The report provides an overview of changes over the past three decades in total pulse production, area under cultivation, and yields per hectare. Globally, pulse production increased from 44.9 million tons in 1981-1983 to 72.3 million tons in 2011-2013. The area under production increased from 63 million hectares to 80 million hectares over the same time period.
At the country level, India is the world’s largest pulse producer, accounting for 34 percent of area and 24 percent of production in pulses. Production in India increased from 10.4 million tonnes to 17.5 million tonnes from 1981-1983 to 2011-2013, mainly due to increases in the area under production from 22 million hectares to 27 million hectares. However, as population growth has grown faster than growth in pulses, the per capita availability has decreased. In 2013, India’s average yield per hectare also remained low, at 635 kilograms per hectare. One reason that yields remain low in India is because pulses are generally grown on marginal land with little access to irrigation. In total, it is estimated that only 10 to 15 percent of pulses cultivated in India have access to irrigation, while the figure is around 75 to 80 percent for wheat and rice. By comparison, Myanmar’s and Ethiopia’s yield per hectare averages 1345 and 1442 kilograms while Canada achieves the highest global yields at 2146 kilograms per hectare.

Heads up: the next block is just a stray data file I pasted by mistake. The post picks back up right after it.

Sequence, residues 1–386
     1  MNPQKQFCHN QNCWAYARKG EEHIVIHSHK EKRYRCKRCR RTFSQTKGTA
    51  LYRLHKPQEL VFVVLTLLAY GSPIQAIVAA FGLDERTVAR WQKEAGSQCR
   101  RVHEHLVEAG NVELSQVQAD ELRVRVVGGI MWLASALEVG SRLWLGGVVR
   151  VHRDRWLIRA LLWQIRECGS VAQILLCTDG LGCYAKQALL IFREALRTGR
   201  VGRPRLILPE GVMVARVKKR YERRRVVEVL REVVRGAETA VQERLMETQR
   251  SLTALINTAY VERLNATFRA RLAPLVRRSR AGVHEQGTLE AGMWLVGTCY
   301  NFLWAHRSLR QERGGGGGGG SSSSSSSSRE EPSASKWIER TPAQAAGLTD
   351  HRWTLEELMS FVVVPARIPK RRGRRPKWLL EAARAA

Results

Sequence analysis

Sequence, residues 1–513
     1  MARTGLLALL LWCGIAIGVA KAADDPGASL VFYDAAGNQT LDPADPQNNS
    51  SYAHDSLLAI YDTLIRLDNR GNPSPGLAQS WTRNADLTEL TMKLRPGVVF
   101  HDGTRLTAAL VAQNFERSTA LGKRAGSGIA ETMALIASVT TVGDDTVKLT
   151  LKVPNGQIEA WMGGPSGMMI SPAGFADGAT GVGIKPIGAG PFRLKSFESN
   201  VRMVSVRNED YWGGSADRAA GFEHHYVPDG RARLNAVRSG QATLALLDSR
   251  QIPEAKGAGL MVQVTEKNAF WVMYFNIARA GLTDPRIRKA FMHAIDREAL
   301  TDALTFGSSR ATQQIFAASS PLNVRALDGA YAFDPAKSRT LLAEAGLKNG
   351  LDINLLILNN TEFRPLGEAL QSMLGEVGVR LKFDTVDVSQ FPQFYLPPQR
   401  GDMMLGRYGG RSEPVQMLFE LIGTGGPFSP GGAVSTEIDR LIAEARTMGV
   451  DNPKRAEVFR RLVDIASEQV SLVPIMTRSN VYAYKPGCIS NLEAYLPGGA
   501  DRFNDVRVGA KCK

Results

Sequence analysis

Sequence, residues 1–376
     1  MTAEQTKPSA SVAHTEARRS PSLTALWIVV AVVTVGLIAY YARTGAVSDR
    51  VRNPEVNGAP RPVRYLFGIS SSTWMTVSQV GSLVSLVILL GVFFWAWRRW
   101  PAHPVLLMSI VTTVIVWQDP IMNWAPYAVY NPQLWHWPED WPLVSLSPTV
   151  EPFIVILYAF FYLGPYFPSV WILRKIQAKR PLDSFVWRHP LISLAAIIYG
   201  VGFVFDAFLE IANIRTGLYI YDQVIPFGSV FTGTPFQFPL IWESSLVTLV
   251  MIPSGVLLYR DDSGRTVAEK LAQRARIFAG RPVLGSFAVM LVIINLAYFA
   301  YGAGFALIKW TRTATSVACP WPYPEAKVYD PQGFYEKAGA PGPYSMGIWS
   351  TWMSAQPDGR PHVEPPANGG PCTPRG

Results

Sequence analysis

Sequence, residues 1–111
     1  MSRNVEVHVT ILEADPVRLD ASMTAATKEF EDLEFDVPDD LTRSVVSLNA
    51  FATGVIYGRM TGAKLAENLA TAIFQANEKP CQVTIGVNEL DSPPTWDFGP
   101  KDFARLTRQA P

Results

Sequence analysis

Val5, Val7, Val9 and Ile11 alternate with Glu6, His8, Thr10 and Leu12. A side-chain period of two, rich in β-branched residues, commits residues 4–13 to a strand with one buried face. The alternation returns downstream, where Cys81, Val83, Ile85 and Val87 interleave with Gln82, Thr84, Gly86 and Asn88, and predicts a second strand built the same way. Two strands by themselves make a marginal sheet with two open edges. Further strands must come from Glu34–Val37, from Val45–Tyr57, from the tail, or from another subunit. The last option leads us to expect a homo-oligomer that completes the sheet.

Regarding specific crops, India is the world’s largest producer for multiple pulse crops, including chickpeas (67 percent of global production), pigeon pea (63 percent of global production), and dry beans (33 percent of global production). India is also the world’s second largest producer of lentils (22 percent of global production). Simultaneously, India has a high ratio (83.6 percent) of pulses that are used for domestic consumption. Additional information on pulse developments in India is available here.
The study also analyses the global and regional pulse trade. International trade in pulses has grown significantly, from around 2 million tons of pulses in the 1970s to 12 million tons in 2011. Developed countries are the main exporters, exporting around 52 percent of production. India, by contrast, only exports 167,000 tons due to high levels of domestic consumption (but exports have grown from 1,000 tons in 1981). India is by far the biggest importer, at 3 million tons annually, up from 127,000 tons in 1981.